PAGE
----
- That will harm that person's reputation
- (If the person is a public figure) that was shared with "actual malice" (meaning you knew the information was false or you recklessly disregarded the truth)
If your information meets the description above, you may find yourself in legal trouble. Defamation need not be restricted to published and broadcasted claims you make (this is known as libel); even spoken statements that hurt another's reputation (known as slander) can lead to litigation.
To avoid accusations of defamation:
- Do not knowingly share false information and fact check claims before publishing them
- When sharing information that could hurt someone else's reputation, make sure you can prove that it is true
- Make sure that your opinions are clearly just opinions
- Not republish a defamatory statement made by another person
For more guidance on avoiding defamation, visit the Electronic Frontier Foundation's overview of online defamation law.
How to Protect Sources and Information
We see an ability to protect sources as a very important practice amongst journalists. The Digital Media Law Project provides several helpful guides on doing so, which we link to below, along with summaries of their top tips and insights. We strongly recommend reading through each Digital Media Law Project guide from beginning to end.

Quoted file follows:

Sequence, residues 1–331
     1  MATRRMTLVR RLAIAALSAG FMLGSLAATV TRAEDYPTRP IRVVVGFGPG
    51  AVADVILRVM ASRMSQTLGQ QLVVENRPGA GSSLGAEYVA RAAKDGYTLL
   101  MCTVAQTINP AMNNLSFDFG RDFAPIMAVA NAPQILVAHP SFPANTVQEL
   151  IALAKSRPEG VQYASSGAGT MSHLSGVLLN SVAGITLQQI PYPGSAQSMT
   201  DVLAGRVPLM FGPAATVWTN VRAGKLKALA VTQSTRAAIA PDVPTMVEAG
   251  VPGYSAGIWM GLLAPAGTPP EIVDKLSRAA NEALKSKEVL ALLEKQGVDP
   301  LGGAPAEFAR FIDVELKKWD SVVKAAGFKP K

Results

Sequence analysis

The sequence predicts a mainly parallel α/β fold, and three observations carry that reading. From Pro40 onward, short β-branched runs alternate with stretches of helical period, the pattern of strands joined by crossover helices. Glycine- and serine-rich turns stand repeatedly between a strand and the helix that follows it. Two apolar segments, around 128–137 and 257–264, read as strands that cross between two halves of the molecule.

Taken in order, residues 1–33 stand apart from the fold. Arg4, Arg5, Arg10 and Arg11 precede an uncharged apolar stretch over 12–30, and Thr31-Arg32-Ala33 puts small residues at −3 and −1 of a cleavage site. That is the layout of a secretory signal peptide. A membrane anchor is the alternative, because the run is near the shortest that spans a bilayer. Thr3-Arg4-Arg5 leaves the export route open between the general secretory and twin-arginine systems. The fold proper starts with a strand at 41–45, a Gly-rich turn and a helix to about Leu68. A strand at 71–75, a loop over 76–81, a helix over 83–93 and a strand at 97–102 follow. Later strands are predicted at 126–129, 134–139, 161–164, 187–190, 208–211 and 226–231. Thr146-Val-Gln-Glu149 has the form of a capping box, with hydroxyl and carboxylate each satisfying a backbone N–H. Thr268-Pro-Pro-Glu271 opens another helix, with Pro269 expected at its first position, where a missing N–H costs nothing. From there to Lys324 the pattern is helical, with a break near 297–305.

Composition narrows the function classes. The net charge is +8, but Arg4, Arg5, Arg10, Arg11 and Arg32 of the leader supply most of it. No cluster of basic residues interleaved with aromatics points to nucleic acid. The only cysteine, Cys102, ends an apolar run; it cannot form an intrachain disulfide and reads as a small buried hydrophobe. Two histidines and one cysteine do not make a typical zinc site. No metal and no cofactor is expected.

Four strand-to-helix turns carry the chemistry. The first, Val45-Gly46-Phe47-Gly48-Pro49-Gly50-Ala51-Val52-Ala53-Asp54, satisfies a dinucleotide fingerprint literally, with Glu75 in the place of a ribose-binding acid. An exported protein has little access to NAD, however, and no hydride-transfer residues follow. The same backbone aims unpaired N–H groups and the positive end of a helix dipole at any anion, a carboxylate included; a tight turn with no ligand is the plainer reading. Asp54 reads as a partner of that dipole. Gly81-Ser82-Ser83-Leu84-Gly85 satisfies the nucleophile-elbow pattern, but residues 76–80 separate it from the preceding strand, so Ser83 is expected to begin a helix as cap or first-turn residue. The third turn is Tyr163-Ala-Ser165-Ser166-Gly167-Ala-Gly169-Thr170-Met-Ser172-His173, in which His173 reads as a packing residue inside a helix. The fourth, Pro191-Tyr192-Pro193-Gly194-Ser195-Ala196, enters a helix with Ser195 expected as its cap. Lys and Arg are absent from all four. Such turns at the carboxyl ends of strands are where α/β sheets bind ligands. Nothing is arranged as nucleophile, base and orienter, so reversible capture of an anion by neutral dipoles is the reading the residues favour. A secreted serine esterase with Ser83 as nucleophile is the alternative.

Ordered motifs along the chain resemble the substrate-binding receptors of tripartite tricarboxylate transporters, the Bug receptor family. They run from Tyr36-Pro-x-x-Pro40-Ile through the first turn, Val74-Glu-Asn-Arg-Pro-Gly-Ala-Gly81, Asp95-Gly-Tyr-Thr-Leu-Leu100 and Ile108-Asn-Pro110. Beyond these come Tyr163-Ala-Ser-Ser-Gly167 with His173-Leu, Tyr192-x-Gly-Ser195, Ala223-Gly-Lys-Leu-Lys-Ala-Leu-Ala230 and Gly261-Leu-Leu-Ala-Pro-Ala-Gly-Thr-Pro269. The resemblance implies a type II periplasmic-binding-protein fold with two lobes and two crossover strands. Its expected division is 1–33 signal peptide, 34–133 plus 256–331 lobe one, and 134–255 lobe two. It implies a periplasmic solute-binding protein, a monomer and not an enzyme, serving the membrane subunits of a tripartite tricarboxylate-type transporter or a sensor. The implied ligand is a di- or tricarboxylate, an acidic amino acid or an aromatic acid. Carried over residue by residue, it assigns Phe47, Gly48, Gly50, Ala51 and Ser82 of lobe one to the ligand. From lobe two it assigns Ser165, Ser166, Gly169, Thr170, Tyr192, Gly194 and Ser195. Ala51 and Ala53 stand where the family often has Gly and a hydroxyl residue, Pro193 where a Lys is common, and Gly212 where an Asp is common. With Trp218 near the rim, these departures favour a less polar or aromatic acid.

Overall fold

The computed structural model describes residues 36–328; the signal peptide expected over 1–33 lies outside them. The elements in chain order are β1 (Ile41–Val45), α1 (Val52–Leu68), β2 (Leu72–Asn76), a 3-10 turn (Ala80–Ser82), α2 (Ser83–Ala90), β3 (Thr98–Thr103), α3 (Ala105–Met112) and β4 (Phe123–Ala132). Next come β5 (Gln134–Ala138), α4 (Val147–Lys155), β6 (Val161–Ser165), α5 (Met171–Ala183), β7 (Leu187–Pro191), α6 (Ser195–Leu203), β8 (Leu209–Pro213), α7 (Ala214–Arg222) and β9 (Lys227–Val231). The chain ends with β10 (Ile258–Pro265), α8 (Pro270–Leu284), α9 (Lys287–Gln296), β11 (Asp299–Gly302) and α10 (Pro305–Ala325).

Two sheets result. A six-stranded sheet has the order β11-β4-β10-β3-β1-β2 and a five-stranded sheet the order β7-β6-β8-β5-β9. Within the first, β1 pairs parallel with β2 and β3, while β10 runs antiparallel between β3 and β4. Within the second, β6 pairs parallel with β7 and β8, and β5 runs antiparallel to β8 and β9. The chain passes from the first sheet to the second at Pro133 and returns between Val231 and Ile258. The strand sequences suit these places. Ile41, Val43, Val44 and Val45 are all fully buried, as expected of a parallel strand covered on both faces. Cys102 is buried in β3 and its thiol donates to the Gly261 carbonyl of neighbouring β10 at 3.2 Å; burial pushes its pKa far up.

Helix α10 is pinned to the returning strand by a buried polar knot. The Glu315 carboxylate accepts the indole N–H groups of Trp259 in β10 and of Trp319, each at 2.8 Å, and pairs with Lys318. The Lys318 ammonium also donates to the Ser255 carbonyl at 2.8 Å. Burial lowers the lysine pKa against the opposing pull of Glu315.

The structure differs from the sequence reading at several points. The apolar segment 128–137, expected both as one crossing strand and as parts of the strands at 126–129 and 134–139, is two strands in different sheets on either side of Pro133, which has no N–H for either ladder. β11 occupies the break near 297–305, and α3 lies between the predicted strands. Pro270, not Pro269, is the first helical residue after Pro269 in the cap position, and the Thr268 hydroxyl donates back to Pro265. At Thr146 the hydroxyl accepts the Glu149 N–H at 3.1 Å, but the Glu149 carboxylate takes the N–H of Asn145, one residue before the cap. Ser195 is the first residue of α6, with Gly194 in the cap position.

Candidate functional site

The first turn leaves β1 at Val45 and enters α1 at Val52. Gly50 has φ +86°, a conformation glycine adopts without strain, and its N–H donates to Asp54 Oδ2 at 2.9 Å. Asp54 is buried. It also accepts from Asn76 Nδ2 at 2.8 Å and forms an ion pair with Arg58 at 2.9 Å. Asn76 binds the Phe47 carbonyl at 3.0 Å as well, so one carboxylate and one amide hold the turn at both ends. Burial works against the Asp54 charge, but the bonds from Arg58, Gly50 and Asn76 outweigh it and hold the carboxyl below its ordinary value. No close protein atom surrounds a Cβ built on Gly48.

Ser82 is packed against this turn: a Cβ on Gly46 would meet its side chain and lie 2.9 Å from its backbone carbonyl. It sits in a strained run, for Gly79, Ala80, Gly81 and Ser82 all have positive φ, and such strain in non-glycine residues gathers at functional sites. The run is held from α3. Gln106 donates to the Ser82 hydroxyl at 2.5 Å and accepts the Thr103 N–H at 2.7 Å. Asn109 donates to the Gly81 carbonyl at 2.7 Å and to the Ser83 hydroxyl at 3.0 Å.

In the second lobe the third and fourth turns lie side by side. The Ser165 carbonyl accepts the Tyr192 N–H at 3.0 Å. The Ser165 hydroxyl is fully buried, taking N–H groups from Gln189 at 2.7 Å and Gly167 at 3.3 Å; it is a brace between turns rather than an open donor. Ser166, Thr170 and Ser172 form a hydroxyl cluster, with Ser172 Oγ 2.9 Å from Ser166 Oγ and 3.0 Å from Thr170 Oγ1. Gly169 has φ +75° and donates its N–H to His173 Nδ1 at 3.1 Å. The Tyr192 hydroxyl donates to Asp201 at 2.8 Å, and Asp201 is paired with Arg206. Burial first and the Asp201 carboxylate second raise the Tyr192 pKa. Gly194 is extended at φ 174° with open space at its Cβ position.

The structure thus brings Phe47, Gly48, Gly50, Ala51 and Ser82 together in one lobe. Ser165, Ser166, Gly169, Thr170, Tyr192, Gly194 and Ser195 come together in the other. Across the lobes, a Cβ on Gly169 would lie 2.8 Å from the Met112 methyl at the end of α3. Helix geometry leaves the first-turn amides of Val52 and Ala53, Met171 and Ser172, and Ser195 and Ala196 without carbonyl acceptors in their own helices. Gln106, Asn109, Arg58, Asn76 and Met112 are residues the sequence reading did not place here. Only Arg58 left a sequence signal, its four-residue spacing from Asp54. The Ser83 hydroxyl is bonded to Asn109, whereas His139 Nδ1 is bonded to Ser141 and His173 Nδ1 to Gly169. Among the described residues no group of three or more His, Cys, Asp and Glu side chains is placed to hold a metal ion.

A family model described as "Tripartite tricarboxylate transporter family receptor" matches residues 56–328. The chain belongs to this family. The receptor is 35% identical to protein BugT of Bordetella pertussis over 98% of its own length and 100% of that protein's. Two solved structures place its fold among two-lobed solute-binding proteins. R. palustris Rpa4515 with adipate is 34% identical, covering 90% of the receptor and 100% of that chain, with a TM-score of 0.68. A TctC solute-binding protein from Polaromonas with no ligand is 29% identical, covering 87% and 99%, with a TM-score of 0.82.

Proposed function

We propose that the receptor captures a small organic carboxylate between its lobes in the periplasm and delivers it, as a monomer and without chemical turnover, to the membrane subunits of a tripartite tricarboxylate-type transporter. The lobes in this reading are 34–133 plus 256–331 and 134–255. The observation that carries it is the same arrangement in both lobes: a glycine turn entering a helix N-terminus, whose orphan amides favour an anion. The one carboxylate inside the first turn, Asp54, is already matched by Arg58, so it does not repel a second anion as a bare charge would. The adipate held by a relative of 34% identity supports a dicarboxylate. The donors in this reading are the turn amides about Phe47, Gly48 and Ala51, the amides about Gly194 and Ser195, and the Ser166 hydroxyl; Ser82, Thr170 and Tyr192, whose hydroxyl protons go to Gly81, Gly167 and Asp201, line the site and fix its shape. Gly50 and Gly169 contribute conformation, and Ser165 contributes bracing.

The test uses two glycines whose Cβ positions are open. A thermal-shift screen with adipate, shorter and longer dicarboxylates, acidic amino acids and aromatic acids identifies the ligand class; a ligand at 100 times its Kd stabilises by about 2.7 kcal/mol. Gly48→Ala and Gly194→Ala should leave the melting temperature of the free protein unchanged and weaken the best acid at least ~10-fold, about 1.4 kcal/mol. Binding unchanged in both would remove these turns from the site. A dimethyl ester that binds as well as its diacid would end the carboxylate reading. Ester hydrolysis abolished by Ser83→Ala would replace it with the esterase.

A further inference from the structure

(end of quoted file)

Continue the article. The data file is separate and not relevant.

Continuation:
- Ideally, your sources will rarely be confidential; it is best to have everything on the record and for attribution
- If you promise confidentiality to a source, you may (depending on your state) gain further protection from legal demands that you reveal his or her identity
- If you reveal your source's identity to anyone, you might lose your ability to protect the information later, as that person might be required to disclose the information
- If you promise confidentiality to a source, you may also be legally bound to keep that promise
- You may be legally bound to protect confidentiality by contract if you promise (verbally, in writing, etc.) to maintain the source's confidentiality in return for the source doing something for you (e.g. provide information)
- Some courts, citing the First Amendment, have not held journalists to contracts regarding confidentiality
- You may be legally bound to protect confidentiality by detrimental reliance or promissory estoppel if your source has much to lose if you break your promise